Godai ninpo focuses entirely on more practical scenarios its members may encounter in a collegiate setting. Though it’s inherently noncompetitive, this form elevates from a series of defensive strategies into a martial art through its holistic demand for mental, physical and emotional discipline.

“It helps shape the way you view the world,” Gomes said. “As you study godai ninpo you’ll generally strive for a balanced life that’s not convoluted by all the petty little things that pervade our culture.”

Forms, function and competition

Not all schools include competition in their repertoires, but many do feature some form of one-on-one sparring alongside their teaching of forms, which are sequences of techniques performed in a traditional order or style that students must master before advancing to the next belt. Though the ceremonial air of forms has a very different feel than the dynamic atmosphere of a live match, they are two halves of a whole — one cannot be learned without the other.

Kendo is another martial art that incorporates a strong competitive element into the fabric of its practice. While competitions may provide a sporting atmosphere for their participants, forms allow them to maintain the physically artistic aspects of their studies.

“Every form is one-on-one,” Sierant said. “You and a partner going through these pre-scripted, I would almost call it a dance, between the two of you. You try and put as much intensity and beauty into going through all of these forms, but they are also supposed to teach you something about actually doing kendo in a competition form.”

Still, many students enjoy one-on-one matches, which allow them to truly put their physical and mental discipline to the test.

“Unlike a lot of other martial arts, where actual competition and fighting is almost more of an honorific thing you do … (kendo) definitely has a strong competition aspect,” Sierant said.

“You’re going to hit as hard as you can and go as fast as you can, kind of like taekwondo. In taekwondo, competition is a very important aspect, and kendo also follows that,” he added.

Taekwondo is especially valued as a sport due to its strenuous physical demands. Its extensive use of footwork forces students of taekwondo to keep themselves in peak physical and mental condition.

It is also one of the most sports-oriented martial arts practiced at the University and in the world of martial arts. Taekwondo is the national sport of South Korea, where it was developed and refined from techniques that were hundreds of years old.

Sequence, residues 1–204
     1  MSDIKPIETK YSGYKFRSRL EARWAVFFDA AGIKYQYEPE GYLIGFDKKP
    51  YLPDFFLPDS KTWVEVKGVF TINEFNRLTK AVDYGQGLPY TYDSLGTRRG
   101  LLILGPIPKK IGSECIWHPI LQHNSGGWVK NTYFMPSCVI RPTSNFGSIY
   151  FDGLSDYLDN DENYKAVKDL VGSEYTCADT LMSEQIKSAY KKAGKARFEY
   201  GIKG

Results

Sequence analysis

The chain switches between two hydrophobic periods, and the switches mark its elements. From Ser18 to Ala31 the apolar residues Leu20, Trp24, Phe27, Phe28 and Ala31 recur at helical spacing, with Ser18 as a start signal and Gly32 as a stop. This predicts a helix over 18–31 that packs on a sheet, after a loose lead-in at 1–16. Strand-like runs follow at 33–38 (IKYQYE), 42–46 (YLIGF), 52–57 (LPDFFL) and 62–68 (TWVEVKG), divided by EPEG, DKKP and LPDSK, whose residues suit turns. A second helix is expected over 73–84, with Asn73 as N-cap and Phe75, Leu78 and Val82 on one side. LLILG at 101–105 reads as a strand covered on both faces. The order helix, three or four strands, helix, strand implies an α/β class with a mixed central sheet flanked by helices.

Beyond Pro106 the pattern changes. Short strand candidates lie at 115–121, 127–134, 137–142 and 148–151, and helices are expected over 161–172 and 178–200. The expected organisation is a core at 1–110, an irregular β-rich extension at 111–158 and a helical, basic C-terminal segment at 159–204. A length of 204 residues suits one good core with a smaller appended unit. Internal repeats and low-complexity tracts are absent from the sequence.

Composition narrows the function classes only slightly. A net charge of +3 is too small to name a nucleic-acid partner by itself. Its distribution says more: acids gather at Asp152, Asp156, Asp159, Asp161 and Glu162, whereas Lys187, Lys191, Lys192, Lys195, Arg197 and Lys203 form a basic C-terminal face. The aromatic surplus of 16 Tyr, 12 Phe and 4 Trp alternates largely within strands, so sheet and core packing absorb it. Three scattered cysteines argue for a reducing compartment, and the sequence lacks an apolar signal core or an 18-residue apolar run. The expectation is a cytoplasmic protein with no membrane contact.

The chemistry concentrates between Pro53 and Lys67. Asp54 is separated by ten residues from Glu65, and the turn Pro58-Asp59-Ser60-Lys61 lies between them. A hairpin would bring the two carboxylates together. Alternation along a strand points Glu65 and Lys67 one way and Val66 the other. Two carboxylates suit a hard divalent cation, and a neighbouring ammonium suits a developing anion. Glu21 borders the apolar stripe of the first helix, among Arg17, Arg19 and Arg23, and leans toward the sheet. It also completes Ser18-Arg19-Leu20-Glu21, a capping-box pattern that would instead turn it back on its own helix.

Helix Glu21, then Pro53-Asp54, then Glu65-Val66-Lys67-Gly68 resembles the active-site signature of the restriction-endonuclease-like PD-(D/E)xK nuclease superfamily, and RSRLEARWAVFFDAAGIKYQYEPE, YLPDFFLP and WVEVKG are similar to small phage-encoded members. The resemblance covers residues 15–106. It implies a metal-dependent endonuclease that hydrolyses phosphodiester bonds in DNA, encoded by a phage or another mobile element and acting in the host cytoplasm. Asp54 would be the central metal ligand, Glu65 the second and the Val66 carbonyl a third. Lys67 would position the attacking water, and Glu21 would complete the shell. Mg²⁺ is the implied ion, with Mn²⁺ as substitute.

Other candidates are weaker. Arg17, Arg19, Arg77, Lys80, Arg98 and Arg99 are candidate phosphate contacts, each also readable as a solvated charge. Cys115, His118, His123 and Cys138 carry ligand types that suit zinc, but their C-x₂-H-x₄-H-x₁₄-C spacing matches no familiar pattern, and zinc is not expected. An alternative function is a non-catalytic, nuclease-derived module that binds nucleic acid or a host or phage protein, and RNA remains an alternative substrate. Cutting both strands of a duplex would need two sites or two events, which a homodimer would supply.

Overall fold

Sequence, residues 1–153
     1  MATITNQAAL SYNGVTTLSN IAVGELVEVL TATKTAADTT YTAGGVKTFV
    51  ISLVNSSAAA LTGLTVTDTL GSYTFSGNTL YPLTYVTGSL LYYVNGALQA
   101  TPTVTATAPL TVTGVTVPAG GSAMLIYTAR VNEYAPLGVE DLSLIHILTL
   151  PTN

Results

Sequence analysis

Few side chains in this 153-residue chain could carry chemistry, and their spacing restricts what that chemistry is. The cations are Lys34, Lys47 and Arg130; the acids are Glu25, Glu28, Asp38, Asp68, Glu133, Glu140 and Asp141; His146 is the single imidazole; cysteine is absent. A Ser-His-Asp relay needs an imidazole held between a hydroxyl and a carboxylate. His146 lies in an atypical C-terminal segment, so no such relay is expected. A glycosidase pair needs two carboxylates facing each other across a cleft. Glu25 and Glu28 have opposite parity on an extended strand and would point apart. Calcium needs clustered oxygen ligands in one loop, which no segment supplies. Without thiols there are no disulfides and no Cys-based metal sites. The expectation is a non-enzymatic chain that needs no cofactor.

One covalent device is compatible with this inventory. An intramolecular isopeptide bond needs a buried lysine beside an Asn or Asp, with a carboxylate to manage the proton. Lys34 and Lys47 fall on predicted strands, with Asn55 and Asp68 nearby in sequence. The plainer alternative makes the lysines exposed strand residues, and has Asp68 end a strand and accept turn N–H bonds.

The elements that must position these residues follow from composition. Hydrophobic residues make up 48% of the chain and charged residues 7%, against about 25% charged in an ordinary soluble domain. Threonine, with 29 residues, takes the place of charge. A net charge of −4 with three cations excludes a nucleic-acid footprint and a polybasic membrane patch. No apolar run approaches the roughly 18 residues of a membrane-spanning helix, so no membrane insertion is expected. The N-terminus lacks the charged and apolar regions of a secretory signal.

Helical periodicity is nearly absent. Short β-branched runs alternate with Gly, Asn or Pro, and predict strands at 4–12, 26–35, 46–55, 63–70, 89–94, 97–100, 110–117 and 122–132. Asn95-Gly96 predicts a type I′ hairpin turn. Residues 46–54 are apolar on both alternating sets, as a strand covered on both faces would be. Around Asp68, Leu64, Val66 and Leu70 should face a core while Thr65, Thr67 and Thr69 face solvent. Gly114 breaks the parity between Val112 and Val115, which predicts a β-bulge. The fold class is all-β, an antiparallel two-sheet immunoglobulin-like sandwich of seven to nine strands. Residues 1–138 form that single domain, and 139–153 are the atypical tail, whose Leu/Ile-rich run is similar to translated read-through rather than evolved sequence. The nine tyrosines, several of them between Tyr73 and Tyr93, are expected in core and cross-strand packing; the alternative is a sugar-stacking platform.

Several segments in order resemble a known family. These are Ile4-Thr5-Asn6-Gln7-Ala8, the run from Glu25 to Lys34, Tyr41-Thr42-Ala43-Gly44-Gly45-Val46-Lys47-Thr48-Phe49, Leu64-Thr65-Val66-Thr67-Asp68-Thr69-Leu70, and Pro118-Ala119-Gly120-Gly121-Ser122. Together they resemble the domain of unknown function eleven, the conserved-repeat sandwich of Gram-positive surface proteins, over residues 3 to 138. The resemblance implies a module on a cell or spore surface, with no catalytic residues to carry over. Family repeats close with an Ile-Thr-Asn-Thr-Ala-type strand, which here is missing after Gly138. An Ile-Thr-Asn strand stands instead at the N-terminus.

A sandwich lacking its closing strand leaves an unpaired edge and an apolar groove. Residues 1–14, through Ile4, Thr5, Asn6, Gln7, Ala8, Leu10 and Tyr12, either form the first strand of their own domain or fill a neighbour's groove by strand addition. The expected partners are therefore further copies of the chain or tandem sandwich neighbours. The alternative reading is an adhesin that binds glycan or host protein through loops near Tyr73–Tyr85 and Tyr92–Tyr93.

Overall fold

“Taekwondo is really fast-paced and involves really dynamic kicking,” said LSA senior and UM Taekwondo Club president Sadegh Arab. “You have to be in great shape, and you have to be very flexible in order to be able to do it.”

Though students routinely work on sparring during practices, the frequent competitions provide a highly athletic challenge to the club’s members. While members are not required to participate in competitions, they are encouraged to do so to enhance their practices.

“We’ve seen that people that compete end up taking practice more seriously, and they stay healthier, and they try harder,” Arab said. “So it’s kind of like a feedback mechanism. That’s why we encourage people to compete.”

Taekwondo may be popular as an athletic activity, but it still retains strong ties to the traditions of martial arts.

“Even though most of us in college are doing it as a sport, it has the respect and the discipline that comes from being a martial art. People don’t behave the same way in a taekwondo practice as in a soccer practice,” Arab said.

At its core, taekwondo is a dualistic martial art. Even the most ardent competitor must have a thorough knowledge of the forms that lay the groundwork for sparring, which many see as qualifying as a full-blown sport. Though not as spontaneous as a one-on-one match, the precise and measured moves of taekwondo’s forms give practitioners a disciplined quality of elegance.

“It’s a performance, you know, it’s like a dance,” Arab said. “You have to memorize a sequence of techniques, you have to perfect it and you have to make sure that every step you take is right.”

Mind, body and spirit

Though they may share common pasts, the countless martial arts schools, clubs and groups at the University and around the globe offer each of their participants different challenges, experiences and rewards.

“(Martial arts) is having to bring your body and your mind and all of your thoughts together to focus on doing one thing,” Sierant said. “It’s this simultaneousness, this coherence, that I think is certainly one of the most difficult parts. You have to have a clarity of coherence between what’s inside and what’s outside.”

The mental and physical balance fostered by students does not leave when a belt is untied or a uniform is removed. A true martial art empowers its students with the skills needed to face life inside and outside the practice studio.

“When you leave the basketball court, the skills you have on court don’t translate into real life or real-life situations, whereas with traditional martial arts, those skills can translate into real situations,” King said.

These skills are not only useful for situations in which a clear enemy must be overcome — students are able to use what they’ve learned to better understand family, friends and even themselves.

“(Martial arts have) certainly helped me in my discipline in school and with friends, but also in other circumstances where maybe I feel like I’m a little overwhelmed or I’m angry at someone,” Sierant said. “I’m able to better control myself after forcing myself to learn how to do that in kendo.”

Martial arts practitioners are asked to seek the most difficult control of all: control of oneself. But a combination of focus, dedication and a willingness to think openly can lead students of every discipline into a journey of rewarding self-discovery, allowing them to become living, breathing embodiments of the arts to which they dedicate themselves.